No one has to remind you of the difficult times effecting the Spanish property market, and the local regional markets including Mallorca. Press reports, economic studies, reports from the EU and even none too impartial reports from the Spanish Government itself, all point to “double trouble” in Spain – economic recession as a consequence of the international financial crisis plus the “home grown” property market crash resulting from an economy far too heavily dependent on bricks and mortar and which has not gone into “slow down” but “melt down” following a 7 year speculative development boom of almost unimaginable proportions.
During this time the Spanish construction sector delivered upwards of 700,000 new units per year when underlying long demand is less than half of that (and likely to find a new level of 200,000 per year for the near term). Now the construction companies, from the largest household names down to the local builder, are going out of business by the day leaving an alarming number of unfinished properties on the market, apart from the ever growing stock of unsold completed new properties and, perhaps more worryingly, a banking sector that, to hide its exposure to the construction sector, has in effect become a dumping ground for unsold properties (over 110,000 properties are sitting on the balance sheets of the banks with estimates that this will grow to 150,000 by the end of the year). Add to that the other 800,000 plus new build homes still in the hands of the developers and unsold, and you get a feel of the problem and the difficulty that the property market will have finding a stable base while this supply overhang persists.
I will comment in more detail about the implications for the housing market and Spanish economy of this weight of unsold properties in a separate report as here I want to emphasise the point that buying off plan is now very risky and even buying completed new build should be approached with some caution to ensure all necessary Guarantees are in place and backed up by the appropriate Insurance Company policies (a legal requirement but one ignored by some of the many developers going out of business, leaving purchasers with no recourse in the event of problems with the build quality in the future).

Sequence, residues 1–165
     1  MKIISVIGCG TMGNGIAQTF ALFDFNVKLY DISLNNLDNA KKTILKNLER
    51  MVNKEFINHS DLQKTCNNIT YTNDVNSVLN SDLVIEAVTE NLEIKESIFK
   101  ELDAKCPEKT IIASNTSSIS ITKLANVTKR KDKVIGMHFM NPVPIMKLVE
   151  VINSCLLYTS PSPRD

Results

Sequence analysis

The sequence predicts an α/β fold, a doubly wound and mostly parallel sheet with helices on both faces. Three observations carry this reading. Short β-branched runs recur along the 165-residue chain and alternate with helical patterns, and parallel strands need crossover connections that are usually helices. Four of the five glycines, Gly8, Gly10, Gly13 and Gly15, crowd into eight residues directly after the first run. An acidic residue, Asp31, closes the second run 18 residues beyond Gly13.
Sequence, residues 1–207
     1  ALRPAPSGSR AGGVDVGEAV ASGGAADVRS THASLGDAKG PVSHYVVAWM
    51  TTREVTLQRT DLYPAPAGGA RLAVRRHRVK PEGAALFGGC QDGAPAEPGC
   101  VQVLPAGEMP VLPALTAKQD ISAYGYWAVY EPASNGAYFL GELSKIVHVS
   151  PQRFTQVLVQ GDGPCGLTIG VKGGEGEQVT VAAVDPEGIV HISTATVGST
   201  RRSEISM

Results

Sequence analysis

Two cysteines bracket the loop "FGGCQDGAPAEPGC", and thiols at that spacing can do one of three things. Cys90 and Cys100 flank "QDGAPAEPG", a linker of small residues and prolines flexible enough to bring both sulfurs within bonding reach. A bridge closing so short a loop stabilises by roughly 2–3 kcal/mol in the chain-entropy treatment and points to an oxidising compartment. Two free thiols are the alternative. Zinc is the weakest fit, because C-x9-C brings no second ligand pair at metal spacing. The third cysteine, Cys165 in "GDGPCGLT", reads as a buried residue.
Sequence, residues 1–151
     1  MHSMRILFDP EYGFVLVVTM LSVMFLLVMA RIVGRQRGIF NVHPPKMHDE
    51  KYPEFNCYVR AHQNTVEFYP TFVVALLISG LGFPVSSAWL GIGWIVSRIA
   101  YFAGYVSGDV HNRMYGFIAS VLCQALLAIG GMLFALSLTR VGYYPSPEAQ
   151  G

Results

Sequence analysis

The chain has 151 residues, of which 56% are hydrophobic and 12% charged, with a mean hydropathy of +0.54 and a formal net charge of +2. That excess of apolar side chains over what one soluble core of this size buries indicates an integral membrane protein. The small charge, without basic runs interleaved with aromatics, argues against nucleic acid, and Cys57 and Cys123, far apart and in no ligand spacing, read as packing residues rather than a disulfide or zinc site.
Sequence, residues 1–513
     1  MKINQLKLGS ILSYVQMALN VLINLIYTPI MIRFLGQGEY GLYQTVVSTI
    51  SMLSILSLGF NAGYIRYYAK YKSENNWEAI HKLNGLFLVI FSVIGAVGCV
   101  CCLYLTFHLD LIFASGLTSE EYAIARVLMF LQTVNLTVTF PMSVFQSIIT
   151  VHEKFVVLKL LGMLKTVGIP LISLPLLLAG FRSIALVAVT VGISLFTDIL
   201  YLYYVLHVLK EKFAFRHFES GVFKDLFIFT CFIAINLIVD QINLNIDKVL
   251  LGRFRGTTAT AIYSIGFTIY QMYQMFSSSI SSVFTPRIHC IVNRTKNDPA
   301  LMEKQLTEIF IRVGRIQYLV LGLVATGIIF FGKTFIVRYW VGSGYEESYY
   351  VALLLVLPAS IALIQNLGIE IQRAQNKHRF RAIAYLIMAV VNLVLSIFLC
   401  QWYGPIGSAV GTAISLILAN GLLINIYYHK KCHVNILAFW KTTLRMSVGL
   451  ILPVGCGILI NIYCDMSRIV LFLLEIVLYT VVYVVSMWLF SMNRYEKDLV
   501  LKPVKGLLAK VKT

A recent study of new build properties started 2 years ago suggests 25% are not finished, and are unlikely to complete in the near future, due to cash flow problems and the bank credit squeeze, a none too happy picture if one of those thousands of properties is yours and you have tied up your life savings in the deposit! And don’t think that this problem has reached a peak. Most experts agree that not until mid 2010 will the number of new build properties in the pipeline, and reaching completion, stop exceeding the take up in the market i.e. the stock of unsold properties is going to carry on growing!
My advice - ”be very wary of buying off plan” and where buying a completed new build property make sure you do thorough checks with your lawyer to ensure the appropriate insurance guarantees are in place.
In relation to prices and underlying values, only buy if you are in this for the long haul. I have long maintained that the Spanish and Mallorca property markets would probably not see any return to positive territory until 2012. No one accused me of being too optimistic (quite the opposite!) but I now think it could be some time later. How does 2016 sound for the Spanish market as a whole?
Will Mallorca fare better? Probably. The estimates of unsold stock in the Baleraic Islands are around 16,500 units while the much larger Communities of Andalucia and Valencia are facing an overhang of 176,000 and 155,000 respectively! Even after taking account of the population differences, the situation in these areas, and others like Murcia, are significantly worse. As regular readers will recall I have long maintained that the Mallorca property market has some defensive qualities, which include this “better than Spanish average” supply side picture and a demand side predominated by life style purchasers rather than investors. The strength of the Mallorca “brand” adds further support to the market.
That said it is not reasonable to assume that the Mallorca market can be de-coupled from the wider Spanish property market entirely. Problems of affordability, unemployment and wider general economic weakness effecting the tourism sector are all realities in Mallorca and can not be ignored. Property asking prices in many cases remain high where owners and agents have failed to readjust to the new market conditions and this alone is acting as a heavy weight on the local market. Other asking prices are now more in line with underlying value and thus have a much more limited down side risk. Others should carry a bold “health warning”!.
The conclusion? It is all about “stock selection” ie if you are looking to buy in Mallorca do so with caution and look for the well priced properties hidden amongst the ridiculously over priced. If you are in for the long haul, are a lifestyle purchaser and want to enjoy a home in Mallorca now, rather than sometimes in the distant future, then with care, particularly regarding issues of price and value, then now may still be a good time to buy.